- Focus on skills developed and relevant experience
- Most common resume style
Recommended for individuals who are changing career fields, have relevant work from many years earlier, or have been out of work for a long time.
- Emphasize skills and accomplishments
- Headings are skills/accomplishments based on requirements of job and relation to field
- Work history is included as a list at the bottom
Recommended for individuals who want to emphasize specific areas of work experience within employment history that may not otherwise be clear.
- Formatted as chronological resume
- Bullet points are divided into subsections with specific headings (e.g. supervision, administrative, technical)
- Also use this format if you have many bullet points for each job
The typical resume has several components. Which ones you use depends on what you are marketing and who is going to read it.
You must include name, address, home or cell number and email address. Do not use a work phone number and keep all of your contact information appropriate.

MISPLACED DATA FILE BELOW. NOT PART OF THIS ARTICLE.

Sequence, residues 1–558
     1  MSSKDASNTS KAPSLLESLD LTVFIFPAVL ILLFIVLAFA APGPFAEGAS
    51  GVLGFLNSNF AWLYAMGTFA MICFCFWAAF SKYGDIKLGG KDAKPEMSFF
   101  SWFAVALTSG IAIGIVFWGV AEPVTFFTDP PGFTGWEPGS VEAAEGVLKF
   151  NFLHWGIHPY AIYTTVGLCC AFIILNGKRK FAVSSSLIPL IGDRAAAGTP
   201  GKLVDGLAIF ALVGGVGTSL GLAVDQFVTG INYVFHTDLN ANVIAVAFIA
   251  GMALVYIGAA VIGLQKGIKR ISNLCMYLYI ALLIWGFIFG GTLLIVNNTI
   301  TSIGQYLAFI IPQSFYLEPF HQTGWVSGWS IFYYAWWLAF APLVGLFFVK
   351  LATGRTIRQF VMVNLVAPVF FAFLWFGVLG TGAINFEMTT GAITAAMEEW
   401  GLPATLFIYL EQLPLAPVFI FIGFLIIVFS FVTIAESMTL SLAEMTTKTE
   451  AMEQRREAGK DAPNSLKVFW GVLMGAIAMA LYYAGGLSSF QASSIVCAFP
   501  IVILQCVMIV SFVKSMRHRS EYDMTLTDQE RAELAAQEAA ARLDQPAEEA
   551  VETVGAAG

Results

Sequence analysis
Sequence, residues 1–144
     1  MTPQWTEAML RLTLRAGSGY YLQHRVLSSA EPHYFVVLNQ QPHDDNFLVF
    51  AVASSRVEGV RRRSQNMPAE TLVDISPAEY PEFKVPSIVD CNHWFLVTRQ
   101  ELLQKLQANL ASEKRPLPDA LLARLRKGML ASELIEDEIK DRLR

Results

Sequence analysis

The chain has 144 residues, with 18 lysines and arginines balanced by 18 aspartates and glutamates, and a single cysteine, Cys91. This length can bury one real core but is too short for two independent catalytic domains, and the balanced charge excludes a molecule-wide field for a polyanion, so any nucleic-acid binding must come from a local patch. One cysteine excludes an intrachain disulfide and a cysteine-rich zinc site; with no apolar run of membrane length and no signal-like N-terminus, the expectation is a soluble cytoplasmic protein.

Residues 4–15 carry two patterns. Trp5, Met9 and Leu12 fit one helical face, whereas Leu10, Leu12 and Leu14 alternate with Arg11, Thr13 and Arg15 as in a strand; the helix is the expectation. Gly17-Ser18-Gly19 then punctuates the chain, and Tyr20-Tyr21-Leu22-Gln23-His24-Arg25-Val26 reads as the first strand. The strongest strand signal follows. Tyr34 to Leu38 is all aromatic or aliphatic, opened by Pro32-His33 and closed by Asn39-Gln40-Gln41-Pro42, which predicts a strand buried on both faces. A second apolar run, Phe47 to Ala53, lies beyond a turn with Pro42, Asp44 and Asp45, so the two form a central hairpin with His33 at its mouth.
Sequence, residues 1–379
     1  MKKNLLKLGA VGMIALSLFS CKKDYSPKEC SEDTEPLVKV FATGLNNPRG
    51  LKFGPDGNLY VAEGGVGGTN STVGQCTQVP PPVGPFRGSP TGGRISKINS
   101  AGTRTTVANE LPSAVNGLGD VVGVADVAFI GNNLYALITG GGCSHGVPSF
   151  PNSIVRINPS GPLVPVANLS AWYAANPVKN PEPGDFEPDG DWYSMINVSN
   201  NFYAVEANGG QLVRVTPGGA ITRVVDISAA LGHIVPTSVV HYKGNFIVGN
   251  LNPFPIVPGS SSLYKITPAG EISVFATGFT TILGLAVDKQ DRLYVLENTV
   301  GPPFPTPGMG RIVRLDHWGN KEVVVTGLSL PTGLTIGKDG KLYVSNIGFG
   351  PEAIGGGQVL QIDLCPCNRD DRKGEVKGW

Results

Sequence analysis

Provide basic information about what type of position you are seeking. Be clear and concise.
Highlight of Qualifications
Provide a quick reference, either bulleted or paragraph form, of your most relevant information, such as achievements, experience, or skills.
List the name of the organization, city, state, full title of degree or training received and date obtained. If currently enrolled, it is appropriate to include “expected graduation date” or “date of enrollment - present.” Additional honors or coursework may be included in this section. GPA is optional.
Licenses or Certification
This is important if it is a required component of your field. List full name of the certification or license and date obtained. If in process it is appropriate to list them and indicate that they are “pending” or “expected” and when you anticipate receiving the approval.